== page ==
Breed differences in canine behavioral development
Principal Investigators: Julia Albright, MA, DVM, DACVB and Karen Davis PhD
Institution: University of Tennessee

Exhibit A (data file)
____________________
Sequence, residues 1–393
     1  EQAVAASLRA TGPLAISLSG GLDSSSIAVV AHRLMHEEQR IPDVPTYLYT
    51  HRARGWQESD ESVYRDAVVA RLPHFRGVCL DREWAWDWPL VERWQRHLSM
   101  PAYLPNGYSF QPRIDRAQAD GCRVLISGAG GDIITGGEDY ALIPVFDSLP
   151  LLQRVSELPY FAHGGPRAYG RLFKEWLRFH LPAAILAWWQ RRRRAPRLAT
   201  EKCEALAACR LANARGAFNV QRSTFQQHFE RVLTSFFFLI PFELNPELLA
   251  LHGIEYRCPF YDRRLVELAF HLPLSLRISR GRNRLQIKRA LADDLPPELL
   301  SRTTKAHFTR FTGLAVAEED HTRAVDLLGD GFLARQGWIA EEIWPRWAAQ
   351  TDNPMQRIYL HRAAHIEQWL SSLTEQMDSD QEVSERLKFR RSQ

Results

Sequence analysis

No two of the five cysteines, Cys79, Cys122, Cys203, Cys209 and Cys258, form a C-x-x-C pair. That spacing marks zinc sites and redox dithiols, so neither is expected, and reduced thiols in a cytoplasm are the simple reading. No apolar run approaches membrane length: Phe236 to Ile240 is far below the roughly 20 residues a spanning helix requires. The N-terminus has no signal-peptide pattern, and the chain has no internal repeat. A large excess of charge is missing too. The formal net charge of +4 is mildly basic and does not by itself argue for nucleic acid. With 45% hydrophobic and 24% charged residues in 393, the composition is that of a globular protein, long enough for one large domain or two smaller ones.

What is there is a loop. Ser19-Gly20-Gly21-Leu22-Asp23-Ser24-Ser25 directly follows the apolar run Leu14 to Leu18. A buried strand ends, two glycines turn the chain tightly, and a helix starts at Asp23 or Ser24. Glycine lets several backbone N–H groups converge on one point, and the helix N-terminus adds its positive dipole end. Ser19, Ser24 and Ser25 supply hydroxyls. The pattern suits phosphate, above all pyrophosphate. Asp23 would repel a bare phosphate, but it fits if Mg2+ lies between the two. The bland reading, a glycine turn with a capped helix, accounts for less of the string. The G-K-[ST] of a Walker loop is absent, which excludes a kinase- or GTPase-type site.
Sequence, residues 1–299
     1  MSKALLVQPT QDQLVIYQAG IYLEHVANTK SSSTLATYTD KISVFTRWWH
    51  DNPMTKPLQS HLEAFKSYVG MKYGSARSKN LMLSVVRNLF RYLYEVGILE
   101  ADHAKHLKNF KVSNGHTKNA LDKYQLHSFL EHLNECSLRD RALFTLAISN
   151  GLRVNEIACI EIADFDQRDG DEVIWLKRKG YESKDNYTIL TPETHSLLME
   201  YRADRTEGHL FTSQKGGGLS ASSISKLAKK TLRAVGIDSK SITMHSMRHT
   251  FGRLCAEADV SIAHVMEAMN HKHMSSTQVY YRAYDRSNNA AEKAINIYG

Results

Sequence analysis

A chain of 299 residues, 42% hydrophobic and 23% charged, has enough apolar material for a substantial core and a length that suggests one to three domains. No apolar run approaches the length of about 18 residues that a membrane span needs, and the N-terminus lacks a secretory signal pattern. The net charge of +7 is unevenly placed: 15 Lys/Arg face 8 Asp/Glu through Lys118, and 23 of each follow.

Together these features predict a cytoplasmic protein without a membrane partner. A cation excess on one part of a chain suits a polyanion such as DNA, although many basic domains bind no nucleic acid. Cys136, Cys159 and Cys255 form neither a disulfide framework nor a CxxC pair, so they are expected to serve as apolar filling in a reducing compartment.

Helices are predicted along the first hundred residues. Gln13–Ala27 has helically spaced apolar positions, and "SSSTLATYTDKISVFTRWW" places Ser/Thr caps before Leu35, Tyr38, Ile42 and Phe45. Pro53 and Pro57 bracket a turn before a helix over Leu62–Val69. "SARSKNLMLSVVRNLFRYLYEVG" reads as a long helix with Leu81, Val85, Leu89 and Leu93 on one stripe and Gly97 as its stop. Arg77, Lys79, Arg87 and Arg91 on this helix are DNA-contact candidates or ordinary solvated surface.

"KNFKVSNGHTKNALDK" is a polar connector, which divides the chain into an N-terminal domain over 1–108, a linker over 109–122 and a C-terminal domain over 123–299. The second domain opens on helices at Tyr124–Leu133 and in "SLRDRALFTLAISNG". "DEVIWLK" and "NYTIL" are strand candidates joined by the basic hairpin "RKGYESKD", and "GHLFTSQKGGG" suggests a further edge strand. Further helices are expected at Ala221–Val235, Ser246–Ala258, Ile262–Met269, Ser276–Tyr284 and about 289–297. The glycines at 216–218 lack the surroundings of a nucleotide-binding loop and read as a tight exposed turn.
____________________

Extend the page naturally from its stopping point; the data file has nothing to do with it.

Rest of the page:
For thousands of years humans have been selecting dogs to perform an astoundingly wide range in behaviors like herding, pointing, and guarding, but very few studies have empirically analyzed the development of these behaviors. Play is a ubiquitous yet enigmatic behavior that seems to be essential to healthy development. We aim to thoroughly document the ontogeny of canine social and object play behavior, including how the characteristics of play vary with breed and at what age these breed-specific patterns begin to emerge. We also suggest variants of play behavior will be early predictors of adult behavior and temperament. We are currently building a video data archive that will not only allow us to study a wide range of breed and wild canid species differences in behavioral development, but also environmental factors that impact future behavior.